Vancouver's bus system uses transfers. When you board a bus, you drop the exact change ($2.50 for adults, 1 zone) into a little machine by the bus driver. The bus driver pushes a button, and out pops a little credit-card sized paper swipe card with a magnetic strip. Instead of showing the bus driver the transfer when you board the bus, now you actually insert the transfer into the machine, and the machine determines if your transfer is still valid or not.
Transfers normally expire 90 minutes after you purchase them. This means that for 2 hours, you could hop on and off any bus, Skytrain, or SeaBus as many times as you'd like. Once the 2 hours run out, your transfer will no longer be valid, and if you want to board another bus, you'll have to pay another $2.50 fare.
Transfers are handy if you're doing a lot of bus transferring within a short period, however, if you're planning to spend all day taking buses, it might be cheaper to purchase an all-day pass at a 7-11. It currently costs $9.00 for a day pass.
With transfers, it doesn't matter what direction you travel in, but it does matter what *zone* you travel in. The Vancouver public transit system is divided into zones. They're kind of like concentric circles. The further out of the city centre you travel, the more you'll have to pay. Basically, Vancouver acts as one zone. Vancouver plus a neighbouring city, such as Burnaby, Richmond, North Vancouver, etc, acts as 2 zones. Vancouver, plus a neighbouring city, plus an even further neighbouring city acts as 3 zones. Basically, if you only pay bus fare for 1 zone, then your transfer is only good in that zone.
We walked the city as often as we could but sometimes you do not have time or the energy to walk back to your hotel. We caught the city metro bus along Robson Street several times, cheap and fast and what a relief on our feet.
We found public transport to be very good, although we were able to walk to many attractions we did use the ferry, bus and train on 3 or 4 days during our stay.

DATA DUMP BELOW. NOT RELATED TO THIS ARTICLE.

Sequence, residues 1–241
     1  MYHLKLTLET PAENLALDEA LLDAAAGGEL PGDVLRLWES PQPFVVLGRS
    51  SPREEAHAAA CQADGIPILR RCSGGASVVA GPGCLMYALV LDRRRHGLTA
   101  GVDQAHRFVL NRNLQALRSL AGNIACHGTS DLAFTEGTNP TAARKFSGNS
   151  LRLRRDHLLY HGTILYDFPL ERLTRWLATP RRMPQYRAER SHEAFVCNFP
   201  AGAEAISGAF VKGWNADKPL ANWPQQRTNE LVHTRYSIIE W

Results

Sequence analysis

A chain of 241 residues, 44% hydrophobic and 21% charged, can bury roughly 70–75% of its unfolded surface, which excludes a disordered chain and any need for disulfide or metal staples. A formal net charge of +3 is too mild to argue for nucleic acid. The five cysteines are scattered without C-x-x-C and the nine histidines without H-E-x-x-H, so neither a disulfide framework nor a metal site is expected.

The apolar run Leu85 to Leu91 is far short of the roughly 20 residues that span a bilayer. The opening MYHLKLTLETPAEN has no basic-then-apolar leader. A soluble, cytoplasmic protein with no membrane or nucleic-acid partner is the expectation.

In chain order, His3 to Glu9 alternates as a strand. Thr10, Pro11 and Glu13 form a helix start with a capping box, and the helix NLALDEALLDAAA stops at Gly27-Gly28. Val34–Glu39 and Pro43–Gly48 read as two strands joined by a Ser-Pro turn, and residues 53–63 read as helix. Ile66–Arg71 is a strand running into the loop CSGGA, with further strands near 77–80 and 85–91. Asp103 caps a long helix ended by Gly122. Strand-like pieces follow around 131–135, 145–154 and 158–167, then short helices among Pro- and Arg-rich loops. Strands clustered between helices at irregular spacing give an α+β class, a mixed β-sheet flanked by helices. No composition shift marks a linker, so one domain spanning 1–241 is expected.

The North Vancouver bus terminal is conveniently located opposite the ferry terminal and on the 2 days we used the bus we waited less than 15 minutes for connection. The drivers are very helpful and if you ask they will tell you what bus to catch and when you arrive at your destination.
We used the North Vancouver buses on 2 separate days, to visit Grouse Mountain and then to visit Lynn Canyon Suspension Bridge. Both visits using public transport were much cheaper than private bus tours.
Vancouver's transportation includes the Skytrain, Bus and Sea Bus. The Sea Bus runs between Lonsdale Quay in North Vancovuer and Waterfront Station in downtown. The Skytrain is cheap and a great way move around the city, as traffic gets terrible sometimes. The Bus is another excellent option.
You can take the bus going to Capilano Suspension Bridge. It is best to take the bus especially during the peak season which is the summer time. There is not a lot of parking lots close to the park if you decided to drive your car. The time when we went there is September and thus, there is a lot of parking spaces for us across the street. The parking fee is $2.00 at the back of the Bridge House Restaurant.
Even though I had a car, I decided to take the bus into town (I was staying in North Vancouver) one day to avoid dealing with parking in the city.
The bus system is actually quite good and the routes all seem to run frequently and pretty much on time.
The frustration I had was in purchasing a day pass, which itself is quite expensive at $8. I ended up at four different places while trying to buy one, and finally had to come back in the morning to get it since stores close fairly early in suburban Vancouver. It's nice to have one though as it works on the buses, the Sky Train (subway) and the Sea Bus.
You can buy them at 7-11's (all over the place) and Safeways, but just note that a lot of the locations only have a few, if any, and a lot of the staff doesn't even know that they exist. Why they don't sell them at the visitors' centers is beyond me.